Over the past 6 months we have seen an uptick in the number of requests from clients to help understand how they can leverage a “Platform as a Service” (PaaS) — given they currently have existing code/deployment environments. This Blog backed by a demonstration video (see link below) will at least help folks see working with a PaaS isn’t as much of a stretch as one would think.
Admittedly this Blog is NOT intended to be comprehensive, but rather quick peeks into how you can still take advantage of using a PaaS even if your not leveraging all its capabilities — even just leveraging the provisioning of a Tomcat server as we do in the demonstration video has huge benefits. Note: In follow on video demonstrations I will extend this video to show how hooking into additional provisioned components like a MongoDB can be quite straight forward.
“Platform-as-a-service (PaaS) is one of the three main categories of cloud computing service. PaaS is the middle layer which is basically a platform (could be tools, software, middleware etc) which sits on Infrastructure and are used for coding and deploying the applications are called as PaaS. Hence, PaaS can be defined as a platform for the creation of application or software delivered over the web on demand.” (http://www.theresearchpedia.com/research-articles/top-10-benefits-of-paas)
Use this link to view the demonstration video:
SOURCE CODE: https://bitbucket.org/dmarley/boot-camel-openshift-1/src
Java EE 7 includes many exciting new specifications — one of special interest to my team is the introduction of the Batch Processing (JSR 352) specification, as we have been doing lots of
Spring Batch work lately. So I thought I would share how Spring Batch and Java EE 7 Batch processing compare.
— non-interactive, long-running, bulk-oriented processing
— computationally intensive processing
— option for sequential or in parallel executions
— run ad-hoc, scheduled or on-demand executions
I recently found a good article which summarizes/compares the strengths of two key players in Integration Framework development (Open Source).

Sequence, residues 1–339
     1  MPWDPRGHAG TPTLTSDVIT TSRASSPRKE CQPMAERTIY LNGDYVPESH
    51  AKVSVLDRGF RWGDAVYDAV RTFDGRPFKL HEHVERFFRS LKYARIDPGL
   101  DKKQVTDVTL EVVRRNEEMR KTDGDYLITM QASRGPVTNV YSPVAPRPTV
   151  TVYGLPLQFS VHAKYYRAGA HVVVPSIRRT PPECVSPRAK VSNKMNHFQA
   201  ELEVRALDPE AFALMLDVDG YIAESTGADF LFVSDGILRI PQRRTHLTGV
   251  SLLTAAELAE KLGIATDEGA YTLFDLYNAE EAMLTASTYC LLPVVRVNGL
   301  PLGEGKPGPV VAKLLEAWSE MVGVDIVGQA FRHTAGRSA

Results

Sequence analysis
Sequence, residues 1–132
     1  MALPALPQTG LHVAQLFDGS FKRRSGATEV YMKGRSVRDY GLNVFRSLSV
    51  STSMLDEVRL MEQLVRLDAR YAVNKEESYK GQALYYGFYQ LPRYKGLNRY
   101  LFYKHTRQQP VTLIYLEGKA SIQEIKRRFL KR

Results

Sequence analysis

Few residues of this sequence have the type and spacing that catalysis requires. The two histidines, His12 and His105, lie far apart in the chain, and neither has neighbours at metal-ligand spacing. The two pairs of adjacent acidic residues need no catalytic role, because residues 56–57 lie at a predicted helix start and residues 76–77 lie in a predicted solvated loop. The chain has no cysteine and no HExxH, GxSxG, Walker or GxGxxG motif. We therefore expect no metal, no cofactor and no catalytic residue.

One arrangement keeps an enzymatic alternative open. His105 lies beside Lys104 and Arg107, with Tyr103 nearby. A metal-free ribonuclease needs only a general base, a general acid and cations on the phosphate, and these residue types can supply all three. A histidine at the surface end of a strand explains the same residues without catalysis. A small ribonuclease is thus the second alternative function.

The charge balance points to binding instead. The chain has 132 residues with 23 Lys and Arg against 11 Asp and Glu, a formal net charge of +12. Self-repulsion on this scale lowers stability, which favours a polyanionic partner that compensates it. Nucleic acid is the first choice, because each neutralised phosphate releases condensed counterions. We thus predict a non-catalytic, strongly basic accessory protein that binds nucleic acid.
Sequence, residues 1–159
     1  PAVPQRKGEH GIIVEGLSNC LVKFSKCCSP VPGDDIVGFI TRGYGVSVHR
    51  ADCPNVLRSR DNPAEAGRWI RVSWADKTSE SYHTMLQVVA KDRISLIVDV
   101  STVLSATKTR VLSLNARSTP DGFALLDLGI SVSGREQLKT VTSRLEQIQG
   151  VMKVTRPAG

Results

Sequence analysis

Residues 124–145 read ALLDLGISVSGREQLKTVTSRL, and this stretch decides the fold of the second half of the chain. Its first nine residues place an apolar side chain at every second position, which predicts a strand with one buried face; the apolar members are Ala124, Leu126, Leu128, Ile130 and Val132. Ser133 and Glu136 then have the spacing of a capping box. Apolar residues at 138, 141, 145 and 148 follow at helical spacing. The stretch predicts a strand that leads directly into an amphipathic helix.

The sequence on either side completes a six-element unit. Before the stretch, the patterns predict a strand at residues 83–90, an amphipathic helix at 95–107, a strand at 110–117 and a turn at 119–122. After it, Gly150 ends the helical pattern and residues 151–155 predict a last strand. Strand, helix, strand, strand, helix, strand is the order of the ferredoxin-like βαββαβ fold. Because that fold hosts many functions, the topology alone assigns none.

Working through an integration project for a client we encountered an issue with Tomcat not being able to start our Grails application which housed our Apache Camel integration routes.
When we started tomcat it would throw a “SEVERE: Error listenerStart” error.
The problem was there was no way of narrowing down the error, as Tomcat wasn’t outputting the root cause of the exception.
- Grails 2.0.4
- Tomcat 7.0.34
- Java 1.6.0_43
After tomcat explodes out the war file
- stop tomcat
- go into the following dir <tomcat dir>/webapps/<appname>/WEB-INF/classes
- add a file called logging.properties with the following content below
- start tomcat
- should see root cause in logs/<appname>.log
handlers = org.apache.juli.FileHandler, java.util.logging.ConsoleHandler org.apache.juli.FileHandler.level = FINE
org.apache.juli.FileHandler.prefix = <appname>.
java.util.logging.ConsoleHandler.level = FINE
java.util.logging.ConsoleHandler.formatter = java.util.logging.SimpleFormatter
Real Time Saver…
I was recently on a consulting engagement and requested to make modifications to a high volume JMS implementation (over 14 million messages per day). One of the tasks was to onboard/integrate a legacy system to the enterprise messaging system. One of the requirements was to attach two additional message headers as follows (in order to support an audit process already in place):
- Date in which the Message was published to the system (format “2013-01-20″ [String])
- Time in which the Message was published to the system (format “15:57:31″ [String])
The bridge to the messaging system is multi-threaded, so I needed to find a thread safe way of getting both the Date and Time formatted to the outlined requirement. As most java developers are aware SimpleDateFormatter is NOT THREAD SAFE!
After some quick looking and trying I ended up with the following: